A flattened hierarchy is a clear case of armies being inspired by the practices of business corporations. Ostensibly, armies have always been affected by the surrounding markets, with wealth and military capability working together to shape military doctrine ever since the sixteenth century (Howard 2001). However, what is new is that armies are now borrowing from the world of business to a far greater extent than the latter is adapting models from the military sphere. At the level of warfare, in contrast to the era of industrial wars, when the “mode of warfare” dominated and shaped the “mode of production” (Kaldor 1982), in the era of information warfare, the mode of warfare has lost much of its strength to inspire the mode of production. Information warfare increasingly relies on the nonmass production orientation of business corporations, which, in turn, affects military doctrine (Toffler and TofHer 1994). At the level of military structure and culture, financial and union pressures in the industrial era led to the increased standardization of workplace routines. As Clegg, Kornberger, and Pitsis claimed, “[I]t was not the market but the military model that provided the best template for this organization design” (2004, 13). Taylorism, for example, which formulated the principles of scientific management, was borrowed from the lessons learned in drilling soldiers in the use of weapons (Dandeker 1990). Now, the direction of influence has been reversed.
Flattening may save costs by reducing the number of management layers, but more importantly, it speeds up the flow of information from central command to the unit, as well as among units, and creates incentives for using more detailed and timely information. This model allows the lower levels of the hierarchy to exercise initiative, thus enabling units to react more quickly to events, especially those that are unforeseen (Fukuyama and Shulsky 1997). “Networkcentric warfare” is an operative manifestation of the flat hierarchy. Its advocates (among them an admiral and an advisor on the Joint Chiefs of Staff) called on the U.S. Navy to imitate the new models adopted by business organizations, namely, the shift in focus from the platform to the network, from viewing actors as independent to viewing them as part of a continuously adapting ecosystem. These models, they said, “have changed the nature of American business today, and they also have changed and will continue to change the way we conduct the sometimes violent business of the military” (Cebrowski and Garstka 1998, 28). Network-centric warfare was inspired, as the authors suggested, by the experience of Walmart and other firms.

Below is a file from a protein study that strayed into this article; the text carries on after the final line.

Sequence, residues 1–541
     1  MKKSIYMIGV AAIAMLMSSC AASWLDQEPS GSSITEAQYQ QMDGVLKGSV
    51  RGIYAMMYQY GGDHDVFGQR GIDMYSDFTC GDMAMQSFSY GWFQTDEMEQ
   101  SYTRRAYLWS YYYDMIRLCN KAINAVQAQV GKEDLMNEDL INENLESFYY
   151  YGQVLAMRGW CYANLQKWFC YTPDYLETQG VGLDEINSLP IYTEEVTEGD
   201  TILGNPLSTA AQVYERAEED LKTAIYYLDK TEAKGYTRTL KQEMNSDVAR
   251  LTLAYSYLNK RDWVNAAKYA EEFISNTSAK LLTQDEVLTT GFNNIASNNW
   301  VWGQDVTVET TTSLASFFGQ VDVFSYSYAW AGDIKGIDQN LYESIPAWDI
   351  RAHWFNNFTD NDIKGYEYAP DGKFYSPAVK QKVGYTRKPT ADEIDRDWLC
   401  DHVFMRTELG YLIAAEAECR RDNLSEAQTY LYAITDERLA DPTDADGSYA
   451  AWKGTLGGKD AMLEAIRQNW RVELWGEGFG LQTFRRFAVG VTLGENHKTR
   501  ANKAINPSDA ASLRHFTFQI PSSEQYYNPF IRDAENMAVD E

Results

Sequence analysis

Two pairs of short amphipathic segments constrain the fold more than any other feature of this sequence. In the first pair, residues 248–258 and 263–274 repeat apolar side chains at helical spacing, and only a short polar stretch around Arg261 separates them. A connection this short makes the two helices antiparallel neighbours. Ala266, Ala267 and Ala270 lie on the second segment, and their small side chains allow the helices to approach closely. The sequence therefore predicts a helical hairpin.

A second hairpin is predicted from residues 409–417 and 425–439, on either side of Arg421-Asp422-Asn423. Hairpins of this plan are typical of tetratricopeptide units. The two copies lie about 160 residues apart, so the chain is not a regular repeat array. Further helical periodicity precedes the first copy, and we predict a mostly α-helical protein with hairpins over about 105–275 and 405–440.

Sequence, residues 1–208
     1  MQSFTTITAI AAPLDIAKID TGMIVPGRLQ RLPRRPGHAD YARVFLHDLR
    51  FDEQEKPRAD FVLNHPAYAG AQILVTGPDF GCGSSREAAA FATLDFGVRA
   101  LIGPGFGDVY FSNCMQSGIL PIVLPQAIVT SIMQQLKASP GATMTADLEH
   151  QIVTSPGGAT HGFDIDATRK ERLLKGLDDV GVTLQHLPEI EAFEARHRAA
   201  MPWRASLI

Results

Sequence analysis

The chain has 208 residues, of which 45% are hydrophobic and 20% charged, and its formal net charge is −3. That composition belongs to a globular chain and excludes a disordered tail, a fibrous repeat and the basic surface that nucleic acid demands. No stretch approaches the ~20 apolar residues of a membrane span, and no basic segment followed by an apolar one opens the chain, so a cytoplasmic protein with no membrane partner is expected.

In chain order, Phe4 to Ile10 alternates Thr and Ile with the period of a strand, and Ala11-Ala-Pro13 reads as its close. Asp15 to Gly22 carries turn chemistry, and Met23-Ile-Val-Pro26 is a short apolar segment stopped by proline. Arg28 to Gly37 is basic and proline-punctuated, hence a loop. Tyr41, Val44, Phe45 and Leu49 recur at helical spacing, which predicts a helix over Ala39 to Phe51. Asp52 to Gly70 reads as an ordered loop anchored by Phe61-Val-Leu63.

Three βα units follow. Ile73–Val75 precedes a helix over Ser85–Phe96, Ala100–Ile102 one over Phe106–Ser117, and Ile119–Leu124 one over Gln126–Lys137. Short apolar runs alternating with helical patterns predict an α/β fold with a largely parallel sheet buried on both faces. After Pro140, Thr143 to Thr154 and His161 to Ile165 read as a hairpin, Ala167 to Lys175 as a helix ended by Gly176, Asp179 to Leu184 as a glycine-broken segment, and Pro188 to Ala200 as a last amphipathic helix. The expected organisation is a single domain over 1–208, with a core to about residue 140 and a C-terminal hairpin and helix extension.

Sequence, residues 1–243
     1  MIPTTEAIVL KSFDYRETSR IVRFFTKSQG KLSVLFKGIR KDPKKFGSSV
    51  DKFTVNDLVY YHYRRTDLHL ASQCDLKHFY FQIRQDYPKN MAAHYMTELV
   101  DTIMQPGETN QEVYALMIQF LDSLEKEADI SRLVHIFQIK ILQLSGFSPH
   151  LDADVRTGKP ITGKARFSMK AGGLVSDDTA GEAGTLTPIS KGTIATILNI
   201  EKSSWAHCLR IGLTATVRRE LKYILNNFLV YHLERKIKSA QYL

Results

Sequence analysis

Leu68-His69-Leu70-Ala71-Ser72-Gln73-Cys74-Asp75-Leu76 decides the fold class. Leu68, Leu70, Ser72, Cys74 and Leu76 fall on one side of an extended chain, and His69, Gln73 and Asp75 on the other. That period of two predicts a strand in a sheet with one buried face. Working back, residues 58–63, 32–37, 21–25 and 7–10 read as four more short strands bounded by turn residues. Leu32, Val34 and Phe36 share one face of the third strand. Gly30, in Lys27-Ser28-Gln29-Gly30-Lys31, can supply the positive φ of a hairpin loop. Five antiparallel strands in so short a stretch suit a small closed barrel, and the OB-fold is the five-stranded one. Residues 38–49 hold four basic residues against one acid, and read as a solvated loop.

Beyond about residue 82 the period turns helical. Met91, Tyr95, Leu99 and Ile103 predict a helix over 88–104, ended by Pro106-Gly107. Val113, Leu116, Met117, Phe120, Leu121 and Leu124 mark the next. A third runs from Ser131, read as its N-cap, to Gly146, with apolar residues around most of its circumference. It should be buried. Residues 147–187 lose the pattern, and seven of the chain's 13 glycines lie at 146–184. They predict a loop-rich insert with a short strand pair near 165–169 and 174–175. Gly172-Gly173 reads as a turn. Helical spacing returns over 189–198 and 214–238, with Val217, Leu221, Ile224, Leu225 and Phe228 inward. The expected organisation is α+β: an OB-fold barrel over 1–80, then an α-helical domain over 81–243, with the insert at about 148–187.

Indeed, this concept integrates the logic of the horizontal hierarchy with the metaphor of the “virtual corporation.” The warfare in Iraq and Afghanistan exemplified this new model, which built strategically on the assumption that warfare no longer follows the traditional state-based pattern, thus favoring a new division of labor between globally connected societies (see Dillon 2002).
However, flattening has two problematic implications for the military organization: (1) the larger the span of control, the harder it is for superior commanders to provide training and instructions to their subordinates, and (2) with the removal of mid-level echelons of command, officers may be upgraded without sufficient preparation, a process that may impede their growth within the organization and increase die recruitment of trained outsiders (Fukuyama and Shulsky 1997). Thus, borrowing from business corporations may affect the military’s ethos and professionalism.
The Israeli army has adopted network-centric methods – successfully in the battle against Palestinian militias, and less successfully in Lebanon. In the Israeli version, the notion of “diffused warfare” was promoted. It was anchored in the fundamental shift from a military doctrine based on a linear approach, which concentrates masses of forces on a few points on the battlefield, to diffused and distributed warfare, which takes place simultaneously on the entire battlefield, distributing the force to a multitude of separate pressure points rather than concentrating it. “Dynamic molecules” became the new maneuver units, each of them containing an independent multidimensional sensor and shooter component, capable at all times of tying into the other molecular systems operating in their proximity. These structures can expand to the size of traditional units of action, such as platoons or regiments (Yaari and Assa 2005).
“Swarming,” a concept borrowed from the U.S. Army, was among the doctrinarian expressions of diffused warfare. The IDF’s version of swarming involves a number of units simultaneously arriving at a target, preferably from 360 degrees, and includes “noisy humming,” a tactic that makes it very difficult for the enemy to know where the attacker is coming from. Swarming embodies the idea of die flat hierarchy by lowering the thresholds of decision making to the immediate tactical level and encouraging local initiative (Weizman 2007).
The immediate motivation for developing the network-centric concept was to provide an answer to the new, twofold challenge facing Israel in the war against the Palestinians: to quell the uprising without reconquering the densely populated Palestinian cities, which would cause heavy casualties, and to fight effectively against a network of unorganized guerillas. However, as with other Western armies, market-based ideas also inspired the IDF. First, swarming is a marketing concept – “swarm theory” refers to the notion that people and rlieir opinions coalesce to form critical forces that have a massive influence on marketplace ideas and concepts (Brymer 2007). In other words, both sets of doctrines, military and marketing, believe in nonhierarchical, diffused methods. Although swarm theory was articulated for marketing long after it had been practiced by armies, the role of networks is not new to marketing.